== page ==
Residents on both sides of the border have pushed for the reopening, and more than 2,800 people have joined a private Facebook group organized by an advocacy group Let Us Reunite to push for looser border policies.
One of the members of the group is Heather Kienle, an American citizen who lives in Montreal. Crossing the border was not a problem for Mrs. Kienle, but her Canadian husband Etienne Bouchard cannot.
Ms. Kienle, who is six months pregnant, often drives alone or with her four-year-old daughter for more than eight hours to West Babylon, NY, to care for her mother, who has endometrial cancer.
“It was just very stressful because I had to travel alone, without my husband, and I had to take care of my daughter in the back seat,” said Ms. Kienle on Wednesday.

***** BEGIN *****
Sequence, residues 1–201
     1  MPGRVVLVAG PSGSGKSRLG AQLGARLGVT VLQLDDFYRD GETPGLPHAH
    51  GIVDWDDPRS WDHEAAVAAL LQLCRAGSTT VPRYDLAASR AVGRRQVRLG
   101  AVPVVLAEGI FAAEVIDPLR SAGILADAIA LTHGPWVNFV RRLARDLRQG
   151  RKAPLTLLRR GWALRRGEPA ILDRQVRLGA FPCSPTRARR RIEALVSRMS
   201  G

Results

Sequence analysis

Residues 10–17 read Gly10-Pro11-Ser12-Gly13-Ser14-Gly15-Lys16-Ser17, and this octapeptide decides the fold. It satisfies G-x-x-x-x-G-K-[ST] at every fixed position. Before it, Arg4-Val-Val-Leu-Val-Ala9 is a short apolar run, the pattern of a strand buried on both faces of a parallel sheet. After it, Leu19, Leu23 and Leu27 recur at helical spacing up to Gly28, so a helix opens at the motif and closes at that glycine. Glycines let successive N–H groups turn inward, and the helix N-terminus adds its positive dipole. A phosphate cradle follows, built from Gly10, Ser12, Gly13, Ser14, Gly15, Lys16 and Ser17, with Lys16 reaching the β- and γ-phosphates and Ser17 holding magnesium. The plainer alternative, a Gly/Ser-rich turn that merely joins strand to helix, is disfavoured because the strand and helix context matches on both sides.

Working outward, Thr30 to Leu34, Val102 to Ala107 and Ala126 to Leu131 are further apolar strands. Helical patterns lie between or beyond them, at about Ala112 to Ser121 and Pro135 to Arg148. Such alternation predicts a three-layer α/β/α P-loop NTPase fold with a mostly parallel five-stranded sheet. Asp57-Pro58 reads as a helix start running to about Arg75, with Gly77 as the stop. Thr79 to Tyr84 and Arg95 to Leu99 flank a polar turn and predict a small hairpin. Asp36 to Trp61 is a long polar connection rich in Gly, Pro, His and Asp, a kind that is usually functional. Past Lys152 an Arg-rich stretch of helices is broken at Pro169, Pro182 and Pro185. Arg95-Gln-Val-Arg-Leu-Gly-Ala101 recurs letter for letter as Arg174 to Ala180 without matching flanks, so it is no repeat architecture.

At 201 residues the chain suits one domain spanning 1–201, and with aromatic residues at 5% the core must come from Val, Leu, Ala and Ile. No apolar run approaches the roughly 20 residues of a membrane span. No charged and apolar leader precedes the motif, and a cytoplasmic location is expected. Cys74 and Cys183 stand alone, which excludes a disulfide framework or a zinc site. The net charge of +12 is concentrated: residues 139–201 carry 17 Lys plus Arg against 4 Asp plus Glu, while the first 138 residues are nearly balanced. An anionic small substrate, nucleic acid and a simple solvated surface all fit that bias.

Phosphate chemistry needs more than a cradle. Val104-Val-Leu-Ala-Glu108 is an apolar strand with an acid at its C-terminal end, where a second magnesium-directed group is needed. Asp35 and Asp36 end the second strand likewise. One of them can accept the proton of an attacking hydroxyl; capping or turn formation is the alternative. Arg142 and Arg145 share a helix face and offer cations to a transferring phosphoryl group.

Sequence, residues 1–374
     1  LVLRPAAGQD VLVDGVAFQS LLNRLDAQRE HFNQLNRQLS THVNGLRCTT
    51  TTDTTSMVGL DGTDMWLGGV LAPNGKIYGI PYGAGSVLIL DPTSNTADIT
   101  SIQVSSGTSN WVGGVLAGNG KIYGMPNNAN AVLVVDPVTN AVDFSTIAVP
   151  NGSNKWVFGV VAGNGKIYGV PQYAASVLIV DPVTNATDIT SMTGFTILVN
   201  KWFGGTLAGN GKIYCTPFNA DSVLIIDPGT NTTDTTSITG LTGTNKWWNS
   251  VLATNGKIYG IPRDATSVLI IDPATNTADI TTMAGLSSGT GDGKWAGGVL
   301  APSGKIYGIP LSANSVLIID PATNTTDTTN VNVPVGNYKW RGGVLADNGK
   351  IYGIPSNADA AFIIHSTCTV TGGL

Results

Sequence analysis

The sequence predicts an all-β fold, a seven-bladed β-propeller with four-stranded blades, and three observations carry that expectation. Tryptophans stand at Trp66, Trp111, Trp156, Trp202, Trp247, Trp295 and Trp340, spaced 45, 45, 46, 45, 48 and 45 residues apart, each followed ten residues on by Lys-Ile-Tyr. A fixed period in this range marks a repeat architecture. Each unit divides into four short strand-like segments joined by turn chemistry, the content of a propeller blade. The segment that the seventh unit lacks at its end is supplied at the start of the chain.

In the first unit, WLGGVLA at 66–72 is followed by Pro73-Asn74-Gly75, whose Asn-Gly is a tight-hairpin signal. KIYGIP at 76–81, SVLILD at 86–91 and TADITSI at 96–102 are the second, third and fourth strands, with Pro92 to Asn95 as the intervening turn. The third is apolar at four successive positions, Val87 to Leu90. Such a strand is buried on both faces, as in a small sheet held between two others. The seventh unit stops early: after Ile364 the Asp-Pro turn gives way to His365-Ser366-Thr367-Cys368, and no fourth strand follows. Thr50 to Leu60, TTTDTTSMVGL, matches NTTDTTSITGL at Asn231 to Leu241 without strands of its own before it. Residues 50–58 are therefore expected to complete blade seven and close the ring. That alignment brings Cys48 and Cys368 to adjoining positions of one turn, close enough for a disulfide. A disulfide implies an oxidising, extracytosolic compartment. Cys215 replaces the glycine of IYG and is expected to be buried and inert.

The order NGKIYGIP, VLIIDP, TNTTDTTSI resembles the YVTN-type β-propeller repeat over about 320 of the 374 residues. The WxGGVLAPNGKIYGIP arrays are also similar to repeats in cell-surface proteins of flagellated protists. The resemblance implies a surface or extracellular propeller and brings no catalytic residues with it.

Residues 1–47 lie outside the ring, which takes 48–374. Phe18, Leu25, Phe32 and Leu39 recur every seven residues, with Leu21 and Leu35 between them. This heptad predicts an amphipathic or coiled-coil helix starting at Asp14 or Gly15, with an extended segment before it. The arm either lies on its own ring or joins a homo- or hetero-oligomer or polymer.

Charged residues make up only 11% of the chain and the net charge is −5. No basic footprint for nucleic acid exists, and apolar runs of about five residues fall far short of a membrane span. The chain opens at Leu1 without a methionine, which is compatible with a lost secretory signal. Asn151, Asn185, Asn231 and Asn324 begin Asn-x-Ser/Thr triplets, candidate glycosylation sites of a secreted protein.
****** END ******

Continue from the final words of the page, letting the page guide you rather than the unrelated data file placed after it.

US politicians from both parties have also spoken out against the restrictions.
Brian Higgins, a congressman representing a borough in western New York bordering Canada, said in a statement Wednesday that “today’s decision by the Biden administration is damaging economic recovery and harming families across America’s northern border; that is completely unnecessary. “
Mexican officials recently expressed hope that the United States would agree to open their common border. A vaccination program in northern Mexico has also been ramped up. “We are working to ensure that the economic and social activity on the border can be regulated as quickly as possible,” Mexico’s Foreign Minister Marcelo Ebrard told Forbes Mexico this month.
American citizens can travel to Mexico for any reason – to buy cheaper goods, get access to cheaper health care, or because they live in Mexico and commute to work in the US – but the border closure has resulted in many companies losing customers and were forced to close.